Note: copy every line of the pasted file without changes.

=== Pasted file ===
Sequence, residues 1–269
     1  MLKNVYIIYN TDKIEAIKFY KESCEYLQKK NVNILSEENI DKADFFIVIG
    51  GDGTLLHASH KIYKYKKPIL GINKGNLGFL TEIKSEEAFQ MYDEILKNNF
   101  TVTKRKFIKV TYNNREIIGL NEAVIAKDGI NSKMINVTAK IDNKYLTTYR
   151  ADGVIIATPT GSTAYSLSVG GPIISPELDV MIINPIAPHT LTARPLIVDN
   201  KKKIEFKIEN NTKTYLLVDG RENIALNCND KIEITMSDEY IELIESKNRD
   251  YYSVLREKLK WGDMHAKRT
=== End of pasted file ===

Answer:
Sequence, residues 1–269
     1  MLKNVYIIYN TDKIEAIKFY KESCEYLQKK NVNILSEENI DKADFFIVIG
    51  GDGTLLHASH KIYKYKKPIL GINKGNLGFL TEIKSEEAFQ MYDEILKNNF
   101  TVTKRKFIKV TYNNREIIGL NEAVIAKDGI NSKMINVTAK IDNKYLTTYR
   151  ADGVIIATPT GSTAYSLSVG GPIISPELDV MIINPIAPHT LTARPLIVDN
   201  KKKIEFKIEN NTKTYLLVDG RENIALNCND KIEITMSDEY IELIESKNRD
   251  YYSVLREKLK WGDMHAKRT